I counted eighty-seven cell phones today.
Eighty-seven cell phones, thirty-four watches, and forty-two purses.
Seventeen of the phones were the new touch-screen PDA kinds. I hate those types of phones.
Twelve of the watches were digital. Four of those were on a Velcro wristband.
Three of the purses were carried by a guy.
I keep all of this written down in a log book I carry with me.
I've been doing this for almost thirty years – counting things, that is.
It's not even something I really intentionally do. I find myself keeping track of everything around me. I get on the subway, I count how many glasses I see – how many black shoes – how many newspapers.
I used to just count glasses, when I was a child. I could keep track of it in my head. As I got older, I started counting other things – keys on a keychain, certain colored shirts, types of shoes, coffee mugs, or hats.
It was too much to keep track of purely by memory, so I started a log book.
If I forget a number of, say, cell phones in a room, I become incredibly uncomfortable, almost claustrophobic.
When I get home, at the end of the day, I go over my day's logs and tally it all up. When I fill a book, I file it away.
I have close to twenty years' worth of log books.
These days, I count a much wider range of items than I used to, so the books fill up faster. A hundred-page log book can be full in less than a month, sometimes even two or three weeks.
Today, I counted cell phones, earrings (males and females separate), nose rings, sandals, keys, rings, watches, purses, belts, jeans, newspapers, glasses, hats, high heels – You get the idea.
It was a pretty busy day; I have four pages' of logs.
I know that my obsession with counting isn't normal.
That is, I know it isn't now. I didn't know that at first. Until I was 15, I thought it was just something people did. A classmate asked me why I was looking around the room so much, and I told her there were three ponytails, and seven pairs of glasses in the room.
That was when I found out that everybody doesn't count the number of objects in a room.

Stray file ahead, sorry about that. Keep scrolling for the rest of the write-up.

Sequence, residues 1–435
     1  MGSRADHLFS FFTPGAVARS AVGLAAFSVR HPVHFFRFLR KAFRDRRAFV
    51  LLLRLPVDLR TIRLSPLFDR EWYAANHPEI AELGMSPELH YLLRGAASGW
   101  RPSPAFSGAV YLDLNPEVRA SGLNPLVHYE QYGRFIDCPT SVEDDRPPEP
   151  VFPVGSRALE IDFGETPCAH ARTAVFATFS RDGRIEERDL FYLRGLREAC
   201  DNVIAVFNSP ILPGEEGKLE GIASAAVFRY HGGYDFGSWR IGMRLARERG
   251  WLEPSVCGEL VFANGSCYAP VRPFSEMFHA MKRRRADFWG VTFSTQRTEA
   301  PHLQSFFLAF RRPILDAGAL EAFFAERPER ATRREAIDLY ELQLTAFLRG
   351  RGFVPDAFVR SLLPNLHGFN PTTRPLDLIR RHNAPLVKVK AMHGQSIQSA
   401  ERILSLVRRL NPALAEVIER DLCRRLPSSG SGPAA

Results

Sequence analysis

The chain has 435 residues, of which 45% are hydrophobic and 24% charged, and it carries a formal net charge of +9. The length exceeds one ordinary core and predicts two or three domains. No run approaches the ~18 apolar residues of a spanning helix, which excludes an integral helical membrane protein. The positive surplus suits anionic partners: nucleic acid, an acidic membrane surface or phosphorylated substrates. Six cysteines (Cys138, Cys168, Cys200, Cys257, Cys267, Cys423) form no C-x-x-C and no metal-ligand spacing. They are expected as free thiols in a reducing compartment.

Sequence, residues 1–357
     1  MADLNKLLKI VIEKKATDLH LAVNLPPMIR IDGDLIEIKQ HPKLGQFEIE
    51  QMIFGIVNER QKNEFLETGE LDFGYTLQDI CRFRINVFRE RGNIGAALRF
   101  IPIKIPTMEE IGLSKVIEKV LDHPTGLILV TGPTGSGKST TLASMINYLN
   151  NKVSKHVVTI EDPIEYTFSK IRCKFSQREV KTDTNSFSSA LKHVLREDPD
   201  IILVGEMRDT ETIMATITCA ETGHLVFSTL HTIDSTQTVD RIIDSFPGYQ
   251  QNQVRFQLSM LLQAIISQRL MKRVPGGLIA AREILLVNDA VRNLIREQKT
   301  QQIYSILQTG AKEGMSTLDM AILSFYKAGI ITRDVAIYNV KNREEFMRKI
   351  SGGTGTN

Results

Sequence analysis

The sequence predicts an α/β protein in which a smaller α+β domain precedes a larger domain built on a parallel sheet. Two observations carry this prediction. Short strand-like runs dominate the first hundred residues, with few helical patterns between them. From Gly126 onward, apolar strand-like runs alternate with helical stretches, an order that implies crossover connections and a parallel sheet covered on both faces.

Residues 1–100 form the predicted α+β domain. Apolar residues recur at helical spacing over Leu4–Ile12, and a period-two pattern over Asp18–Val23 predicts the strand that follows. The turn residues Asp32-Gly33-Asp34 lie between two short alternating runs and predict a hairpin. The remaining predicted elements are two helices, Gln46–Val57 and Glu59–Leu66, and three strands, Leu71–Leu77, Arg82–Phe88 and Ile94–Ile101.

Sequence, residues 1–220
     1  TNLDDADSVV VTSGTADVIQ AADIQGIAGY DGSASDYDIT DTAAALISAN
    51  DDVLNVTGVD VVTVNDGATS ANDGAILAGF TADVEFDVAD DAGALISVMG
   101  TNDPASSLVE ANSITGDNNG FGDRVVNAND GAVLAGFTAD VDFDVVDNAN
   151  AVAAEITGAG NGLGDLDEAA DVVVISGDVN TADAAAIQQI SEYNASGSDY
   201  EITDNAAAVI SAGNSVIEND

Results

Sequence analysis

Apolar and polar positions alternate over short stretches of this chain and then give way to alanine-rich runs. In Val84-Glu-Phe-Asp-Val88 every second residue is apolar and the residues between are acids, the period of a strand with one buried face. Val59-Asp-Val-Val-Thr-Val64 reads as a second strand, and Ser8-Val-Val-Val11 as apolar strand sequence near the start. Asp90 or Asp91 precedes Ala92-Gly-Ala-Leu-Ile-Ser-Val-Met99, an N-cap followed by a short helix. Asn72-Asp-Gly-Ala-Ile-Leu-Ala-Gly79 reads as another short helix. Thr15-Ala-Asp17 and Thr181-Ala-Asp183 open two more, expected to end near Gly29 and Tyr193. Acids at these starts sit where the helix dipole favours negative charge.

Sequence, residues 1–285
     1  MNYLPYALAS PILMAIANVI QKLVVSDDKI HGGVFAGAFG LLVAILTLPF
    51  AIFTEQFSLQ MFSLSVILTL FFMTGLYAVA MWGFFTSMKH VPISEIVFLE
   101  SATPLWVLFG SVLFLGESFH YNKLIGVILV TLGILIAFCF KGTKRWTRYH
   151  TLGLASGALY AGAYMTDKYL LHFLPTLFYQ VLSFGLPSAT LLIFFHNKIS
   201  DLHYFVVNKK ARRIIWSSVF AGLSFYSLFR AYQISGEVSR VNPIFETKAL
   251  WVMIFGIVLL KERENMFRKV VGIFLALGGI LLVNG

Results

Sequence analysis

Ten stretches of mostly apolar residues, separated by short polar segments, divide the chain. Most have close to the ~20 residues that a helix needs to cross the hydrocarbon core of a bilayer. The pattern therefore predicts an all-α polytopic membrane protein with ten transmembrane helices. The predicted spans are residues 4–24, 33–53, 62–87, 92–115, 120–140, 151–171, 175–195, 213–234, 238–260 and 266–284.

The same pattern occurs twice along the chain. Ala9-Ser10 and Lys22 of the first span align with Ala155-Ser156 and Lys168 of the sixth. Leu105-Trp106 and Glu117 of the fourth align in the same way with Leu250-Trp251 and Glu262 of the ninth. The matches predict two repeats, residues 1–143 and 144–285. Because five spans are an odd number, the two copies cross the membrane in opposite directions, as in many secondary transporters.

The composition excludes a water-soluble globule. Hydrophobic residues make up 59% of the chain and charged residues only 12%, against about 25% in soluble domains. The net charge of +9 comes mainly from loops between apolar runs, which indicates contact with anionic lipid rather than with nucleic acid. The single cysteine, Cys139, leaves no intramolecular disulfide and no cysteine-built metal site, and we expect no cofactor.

After that, I didn't tell anyone else.
By the time I was twenty, I was counting windows, piercings, pockets, drinks. Anything, really. That was when I decided to start keeping logs.
After I got my first logbook, I stopped limiting myself, and I'd keep track of everything possible.
It's strange how free it made me feel. But at the same time, it was time-consuming, and confining.
For instance, it's difficult to focus on a lot of things. I try to avoid driving because I count dashes in the road, or bumper stickers, or people using their cell phones in the car.
I have a bag of M&M's in my apartment. It's one of those 'party' bags with lots of individual sealed mini-bags. There are fifty-three of those bags in it, with an average of seventeen M&M's per bags.
I've been to the doctor before. He prescribed me some medicine. I got a bottle with thirty-eight pills in it. I was told to take one twice a day.
That was two years ago. The bottle's still in my medicine cabinet. It has thirty-two pills in it.
I stopped taking the pills after a few days because my life felt too empty. I had nothing to do. I'd ride the bus, and I'd want to write down how many tattoos I saw, but I didn't want to. I didn't care.
So I stopped. Counting, to me, is more than just an obsessive disorder. It can even be a sort of meditation.
While I'm counting popcorn kernels, or leaves on a plant, or M&Ms in a bag, everything around me seems to disappear. It's just me and whatever I'm counting. The world fades away, goes on mute, and moves off into the distance.
It's a double-edged sword. While I count, it distracts me from anything else I could be doing, but the trance-like state I transcend to at times can be so overwhelming, it's almost like a spiritual awakening.
I have an entire room full of bookshelves, with all my log books indexed by date. Twenty years of books, all filed away in my apartment. Twelve or thirteen books a year. That's nearly three hundred books total.
Three hundred notebooks, completely full of lists made by me, lists of articles of clothing, or windows, or steps taken.
The majority of my life has been spent writing those notebooks. Is that all my life adds up to? Thirty years of counting?
I counted eighty-seven cell phones today. Ten years ago, I'd count maybe twelve. At this rate, I'll have to stop counting them. There will be too many.
Maybe someday I'll take the medicine. When I'm ready to, they'll be there, sitting next to the seventy-six pills of aspirin, waiting.
Until then, I'll keep counting.